Sanders Files Legislation To Protect Children From Abuse

OKLAHOMA CITY – Those who abuse children, especially children under the age of 12, need to be kept behind bars, state Rep. Mike Sanders said today.

Legislation filed by Sanders, R-Kingfisher, would increase the penalty for the sexual exploitation or abuse of a child to a 50-year sentence. House Bill 2968 would also require sex offender registries to include a map-able address and zip code.

“It is imperative that we protect the children of Oklahoma from these child predators by keeping them behind bars,” Sanders said. “I also think we must protect our children by requiring additional information on sex offender registries, specifically an address with a zip code that can be mapped rather than a P.O. Box or an address that cloaks the location of the sex offender.”

Sanders noted that child abuse is a problem that has plagued the state and must be addressed.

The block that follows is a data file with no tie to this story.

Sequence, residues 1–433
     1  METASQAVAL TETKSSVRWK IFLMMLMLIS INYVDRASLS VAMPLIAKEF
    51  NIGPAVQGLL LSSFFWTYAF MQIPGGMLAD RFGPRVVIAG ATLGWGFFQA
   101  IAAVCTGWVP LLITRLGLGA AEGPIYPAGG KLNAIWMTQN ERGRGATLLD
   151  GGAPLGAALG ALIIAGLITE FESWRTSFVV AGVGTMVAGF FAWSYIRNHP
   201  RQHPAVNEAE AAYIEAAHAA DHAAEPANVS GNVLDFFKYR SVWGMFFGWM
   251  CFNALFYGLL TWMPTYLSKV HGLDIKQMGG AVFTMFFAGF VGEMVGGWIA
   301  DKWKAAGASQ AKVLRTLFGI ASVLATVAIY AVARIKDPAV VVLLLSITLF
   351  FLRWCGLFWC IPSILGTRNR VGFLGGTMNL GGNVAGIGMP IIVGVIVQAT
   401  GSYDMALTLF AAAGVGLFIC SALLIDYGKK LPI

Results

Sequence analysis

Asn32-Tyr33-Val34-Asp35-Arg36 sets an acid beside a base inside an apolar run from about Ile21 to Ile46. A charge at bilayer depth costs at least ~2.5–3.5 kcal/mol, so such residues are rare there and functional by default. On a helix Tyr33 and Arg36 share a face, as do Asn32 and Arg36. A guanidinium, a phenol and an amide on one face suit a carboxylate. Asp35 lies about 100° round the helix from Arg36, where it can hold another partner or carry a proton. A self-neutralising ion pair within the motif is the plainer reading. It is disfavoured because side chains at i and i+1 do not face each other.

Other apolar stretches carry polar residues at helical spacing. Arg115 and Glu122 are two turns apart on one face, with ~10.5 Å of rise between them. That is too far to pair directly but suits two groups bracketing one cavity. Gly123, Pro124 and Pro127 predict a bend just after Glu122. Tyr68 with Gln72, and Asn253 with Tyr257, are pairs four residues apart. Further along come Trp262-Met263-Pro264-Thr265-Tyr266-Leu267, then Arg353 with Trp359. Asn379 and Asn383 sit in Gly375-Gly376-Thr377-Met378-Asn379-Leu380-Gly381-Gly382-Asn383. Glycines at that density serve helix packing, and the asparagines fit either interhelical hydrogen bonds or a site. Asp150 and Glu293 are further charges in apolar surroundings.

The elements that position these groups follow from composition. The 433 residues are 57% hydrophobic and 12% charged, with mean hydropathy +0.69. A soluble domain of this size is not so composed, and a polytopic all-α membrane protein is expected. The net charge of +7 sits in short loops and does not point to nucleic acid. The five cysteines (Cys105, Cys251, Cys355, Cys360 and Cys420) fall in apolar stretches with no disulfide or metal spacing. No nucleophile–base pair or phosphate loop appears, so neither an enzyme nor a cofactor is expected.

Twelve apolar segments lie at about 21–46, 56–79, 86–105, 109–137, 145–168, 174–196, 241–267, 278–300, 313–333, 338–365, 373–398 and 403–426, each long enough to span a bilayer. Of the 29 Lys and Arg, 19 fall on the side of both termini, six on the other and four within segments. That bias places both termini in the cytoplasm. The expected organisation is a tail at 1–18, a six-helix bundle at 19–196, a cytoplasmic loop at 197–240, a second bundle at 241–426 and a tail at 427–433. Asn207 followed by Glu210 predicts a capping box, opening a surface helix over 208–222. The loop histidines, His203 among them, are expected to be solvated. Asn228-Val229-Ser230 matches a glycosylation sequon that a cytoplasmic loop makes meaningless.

“We cannot allow such terrible crimes to  continue,” Sanders said. “Anything we can do to prevent them must be done. This legislation will increase the minimum sentence these predators must receive if convicted.”
Add your reaction Share

CHESAPEAKE ENERGY DONATES FUNDS TO SHARON-MUTUAL PUBLIC SCHOOLS

N e w s   R e l e a s e 

 

FOR IMMEDIATE RELEASE                

Chesapeake Energy Corporation

CHESAPEAKE ENERGY DONATES FUNDS TO SHARON-MUTUAL PUBLIC SCHOOLS

OKLAHOMA CITY, OKLAHOMA, DECEMBER 22, 2009 – Chesapeake Energy Corporation (NYSE:CHK) donated $1,000 to Sharon-Mutual Public Schools on December 2 to help complete the lighting for the school’s athletic field, which is used for a variety of sporting events. 

 “I know Sharon-Mutual students, faculty and board will be very thankful for the contribution Chesapeake has made to the athletic facility,” State Sen. Bryce Marlatt said. “I am thankful for the company’s support in Northwest Oklahoma. This is a great example of the benefits that come from our corporate partners’ involvement in our community.”

State Rep. Mike Sanders said: “Thank you to Chesapeake Energy for this contribution to support Sharon-Mutual’s athletic facility. Contributions like this are important to our communities and schools, and we thank corporate partners like Chesapeake who help make projects like this possible. We certainly look forward to the future games and events this will help us continue to enjoy.”